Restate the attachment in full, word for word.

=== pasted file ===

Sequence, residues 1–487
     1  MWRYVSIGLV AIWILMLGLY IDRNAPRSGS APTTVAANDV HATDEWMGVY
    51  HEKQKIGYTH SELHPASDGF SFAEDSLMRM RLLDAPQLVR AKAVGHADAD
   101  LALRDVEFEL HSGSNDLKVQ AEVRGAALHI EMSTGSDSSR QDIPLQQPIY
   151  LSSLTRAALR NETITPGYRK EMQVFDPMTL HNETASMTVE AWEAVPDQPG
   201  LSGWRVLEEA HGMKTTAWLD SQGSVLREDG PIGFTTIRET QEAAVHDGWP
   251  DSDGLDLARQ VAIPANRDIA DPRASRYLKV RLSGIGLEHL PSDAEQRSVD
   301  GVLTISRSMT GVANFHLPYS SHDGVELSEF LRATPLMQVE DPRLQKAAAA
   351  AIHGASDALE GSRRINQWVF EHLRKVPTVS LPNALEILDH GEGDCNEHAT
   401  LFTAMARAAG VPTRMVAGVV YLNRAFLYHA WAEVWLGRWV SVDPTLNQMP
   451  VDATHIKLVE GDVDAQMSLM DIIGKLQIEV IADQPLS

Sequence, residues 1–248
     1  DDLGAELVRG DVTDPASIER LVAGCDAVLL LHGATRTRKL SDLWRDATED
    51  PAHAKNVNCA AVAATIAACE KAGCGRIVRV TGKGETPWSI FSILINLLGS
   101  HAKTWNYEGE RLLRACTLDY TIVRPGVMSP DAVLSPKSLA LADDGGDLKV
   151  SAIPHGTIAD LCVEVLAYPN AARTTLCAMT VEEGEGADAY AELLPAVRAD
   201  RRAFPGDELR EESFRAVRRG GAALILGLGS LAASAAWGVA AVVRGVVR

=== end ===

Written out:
Sequence, residues 1–487
     1  MWRYVSIGLV AIWILMLGLY IDRNAPRSGS APTTVAANDV HATDEWMGVY
    51  HEKQKIGYTH SELHPASDGF SFAEDSLMRM RLLDAPQLVR AKAVGHADAD
   101  LALRDVEFEL HSGSNDLKVQ AEVRGAALHI EMSTGSDSSR QDIPLQQPIY
   151  LSSLTRAALR NETITPGYRK EMQVFDPMTL HNETASMTVE AWEAVPDQPG
   201  LSGWRVLEEA HGMKTTAWLD SQGSVLREDG PIGFTTIRET QEAAVHDGWP
   251  DSDGLDLARQ VAIPANRDIA DPRASRYLKV RLSGIGLEHL PSDAEQRSVD
   301  GVLTISRSMT GVANFHLPYS SHDGVELSEF LRATPLMQVE DPRLQKAAAA
   351  AIHGASDALE GSRRINQWVF EHLRKVPTVS LPNALEILDH GEGDCNEHAT
   401  LFTAMARAAG VPTRMVAGVV YLNRAFLYHA WAEVWLGRWV SVDPTLNQMP
   451  VDATHIKLVE GDVDAQMSLM DIIGKLQIEV IADQPLS

Sequence, residues 1–248
     1  DDLGAELVRG DVTDPASIER LVAGCDAVLL LHGATRTRKL SDLWRDATED
    51  PAHAKNVNCA AVAATIAACE KAGCGRIVRV TGKGETPWSI FSILINLLGS
   101  HAKTWNYEGE RLLRACTLDY TIVRPGVMSP DAVLSPKSLA LADDGGDLKV
   151  SAIPHGTIAD LCVEVLAYPN AARTTLCAMT VEEGEGADAY AELLPAVRAD
   201  RRAFPGDELR EESFRAVRRG GAALILGLGS LAASAAWGVA AVVRGVVR